Could under 40s be given AstraZeneca? Expert says plans could be reversed as cases rise

Lisa Nandy hits out at 'disgraceful' anti-vaccine messages

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The Government recently limited doses of the Oxford-AstraZeneca jab to over-40s only following isolated reports of blood clotting. Although the risk remained low, officials likely hoped to quell fears and keep vaccine uptake high amongst the general public. But as a new risk ignites in the UK, more extensive use of the British made jab is back on the table again.

Could under 40s get the AstraZeneca vaccine?

The Government’s concern around the AstraZeneca jab came following analysis by the MHRA which conceded to a “possible link” between it and “extremely rare” cases of blood clotting.

However, new research has indicated the vaccine is highly effective against the Indian variant of COVID-19, otherwise known as B.1.617.

B.1.617 has established a foothold in the UK, and as community transmission grows, officials have toyed with expanding the AstraZeneca jab to respond.

Speaking to Sky’s Sophy Ridge On Sunday, Professor Adam Finn, head of the University of Bristol’s Children’s Vaccine Centre and Joint Committee on Vaccination and Immunisation (JCVI) member, said the organisation’s stance on the jab could change.

He told the programme potential alterations are “on the agenda” and “could be done”.

While the group prioritised non-AstraZeneca jabs for under-40s, the decision was “very provisional”.

They hoped to ensure everything went “absolutely right” in the rollout.

Professor Finn said the JCVI would only alter its advice as long as the “risk-benefit balance” tipped towards benefit.

At the moment, however, he said he didn’t “think that’s necessary”.

The AstraZeneca jab is one of three vaccines currently approved in the UK, and while the programme has exceeded expectations so far, B.1.617 has raised concerns amongst the scientific community.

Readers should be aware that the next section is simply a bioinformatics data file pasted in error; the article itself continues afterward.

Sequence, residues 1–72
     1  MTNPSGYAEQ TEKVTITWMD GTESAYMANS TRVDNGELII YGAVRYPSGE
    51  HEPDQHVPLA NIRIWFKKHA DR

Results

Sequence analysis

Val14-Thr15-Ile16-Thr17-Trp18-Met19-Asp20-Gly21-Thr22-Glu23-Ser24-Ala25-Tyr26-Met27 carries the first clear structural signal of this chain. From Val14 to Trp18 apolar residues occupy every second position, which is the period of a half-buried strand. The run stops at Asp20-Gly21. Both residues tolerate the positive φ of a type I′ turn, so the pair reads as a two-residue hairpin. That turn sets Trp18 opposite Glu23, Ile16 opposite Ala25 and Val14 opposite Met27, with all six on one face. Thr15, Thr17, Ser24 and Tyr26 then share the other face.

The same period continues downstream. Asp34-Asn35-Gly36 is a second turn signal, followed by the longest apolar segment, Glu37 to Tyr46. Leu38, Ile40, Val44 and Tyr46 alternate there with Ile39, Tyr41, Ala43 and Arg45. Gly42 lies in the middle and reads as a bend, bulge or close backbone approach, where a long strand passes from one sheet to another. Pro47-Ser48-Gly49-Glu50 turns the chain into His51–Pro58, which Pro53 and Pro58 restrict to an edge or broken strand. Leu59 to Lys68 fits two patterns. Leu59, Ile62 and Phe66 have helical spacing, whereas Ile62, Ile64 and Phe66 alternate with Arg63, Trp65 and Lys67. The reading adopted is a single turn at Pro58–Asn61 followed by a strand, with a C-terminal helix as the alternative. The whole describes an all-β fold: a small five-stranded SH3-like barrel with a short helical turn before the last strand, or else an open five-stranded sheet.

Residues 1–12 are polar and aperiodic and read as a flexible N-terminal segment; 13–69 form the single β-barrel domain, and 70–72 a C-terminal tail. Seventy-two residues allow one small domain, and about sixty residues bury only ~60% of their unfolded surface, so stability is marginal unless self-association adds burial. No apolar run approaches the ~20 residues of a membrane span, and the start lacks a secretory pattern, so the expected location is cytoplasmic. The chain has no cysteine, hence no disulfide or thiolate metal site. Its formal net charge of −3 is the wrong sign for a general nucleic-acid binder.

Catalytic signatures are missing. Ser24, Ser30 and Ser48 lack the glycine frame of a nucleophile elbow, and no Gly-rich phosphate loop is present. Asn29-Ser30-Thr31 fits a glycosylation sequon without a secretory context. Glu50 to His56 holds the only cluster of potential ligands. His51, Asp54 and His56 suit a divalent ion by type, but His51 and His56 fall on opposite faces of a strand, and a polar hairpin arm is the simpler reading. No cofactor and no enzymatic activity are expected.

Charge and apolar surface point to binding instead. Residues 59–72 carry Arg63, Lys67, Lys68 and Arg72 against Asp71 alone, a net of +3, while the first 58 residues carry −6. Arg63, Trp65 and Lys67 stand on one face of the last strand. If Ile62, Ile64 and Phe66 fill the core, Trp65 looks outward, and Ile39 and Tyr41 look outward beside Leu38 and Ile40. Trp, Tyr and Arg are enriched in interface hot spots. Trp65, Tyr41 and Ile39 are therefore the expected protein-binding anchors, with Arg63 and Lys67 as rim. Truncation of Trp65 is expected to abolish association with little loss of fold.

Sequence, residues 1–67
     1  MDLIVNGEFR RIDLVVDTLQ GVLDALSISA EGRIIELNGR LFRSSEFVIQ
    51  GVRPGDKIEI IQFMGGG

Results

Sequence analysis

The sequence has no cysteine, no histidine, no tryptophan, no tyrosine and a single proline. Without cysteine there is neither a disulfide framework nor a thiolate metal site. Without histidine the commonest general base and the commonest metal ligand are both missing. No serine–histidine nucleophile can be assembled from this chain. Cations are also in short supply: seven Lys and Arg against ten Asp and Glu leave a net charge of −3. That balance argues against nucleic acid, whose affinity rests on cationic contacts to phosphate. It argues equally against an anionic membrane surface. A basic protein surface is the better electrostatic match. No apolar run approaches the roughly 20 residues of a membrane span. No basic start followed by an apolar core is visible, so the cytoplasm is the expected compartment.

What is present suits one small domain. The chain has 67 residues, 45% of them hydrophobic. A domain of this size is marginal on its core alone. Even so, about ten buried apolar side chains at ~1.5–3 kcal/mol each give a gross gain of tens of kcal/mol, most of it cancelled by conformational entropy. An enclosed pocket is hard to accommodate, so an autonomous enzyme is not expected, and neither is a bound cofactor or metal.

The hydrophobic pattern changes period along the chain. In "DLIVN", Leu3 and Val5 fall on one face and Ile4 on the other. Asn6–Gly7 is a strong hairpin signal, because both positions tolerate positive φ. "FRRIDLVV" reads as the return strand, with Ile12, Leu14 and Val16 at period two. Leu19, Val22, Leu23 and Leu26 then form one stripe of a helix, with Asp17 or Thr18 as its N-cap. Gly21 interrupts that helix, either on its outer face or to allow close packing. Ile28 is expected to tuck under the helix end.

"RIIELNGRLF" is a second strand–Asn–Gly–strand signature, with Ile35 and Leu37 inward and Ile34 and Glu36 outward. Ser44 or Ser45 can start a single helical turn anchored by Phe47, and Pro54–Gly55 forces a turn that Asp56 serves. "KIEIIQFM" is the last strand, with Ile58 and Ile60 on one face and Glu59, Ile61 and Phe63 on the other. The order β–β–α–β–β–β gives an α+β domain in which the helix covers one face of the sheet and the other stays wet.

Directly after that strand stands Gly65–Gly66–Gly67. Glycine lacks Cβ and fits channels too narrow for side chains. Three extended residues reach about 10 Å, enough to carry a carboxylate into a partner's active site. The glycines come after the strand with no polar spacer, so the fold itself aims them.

The variant has two distinct mutations that potentially allow it to spread with increased ease and cut through vaccine-afforded immune defences.

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The India variant is spreading far quicker than its other counterparts, the Brazilian, South African and Kent variants.

England has reported 1,255 cases, the most by far, compared with 35 in Scotland, 11 in Wales and 12 in Northern Ireland.

Scientists are closely monitoring the situation, with their attention trained on vaccine efficacy.

Currently, the consensus points towards confidence, according to Health Secretary Matt Hancock.

Speaking to the BBC’s Andrew Marr on Sunday, he added the Government’s Covid strategy is “on track”.

He said: “We have increasing confidence that the vaccine works against the variant, the strategy is on track – it’s just the virus has gained a bit of pace and we’ve therefore all got to be that bit more careful and cautious.”

In India, where B.1.617 is dominant, hospitalisations amongst the vaccinated community have dwindled.

An observational study conducted in Delhi found 97.38 percent of people vaccinated had protection from the virus, with a hospitalisation rate of 0.06 per cent.

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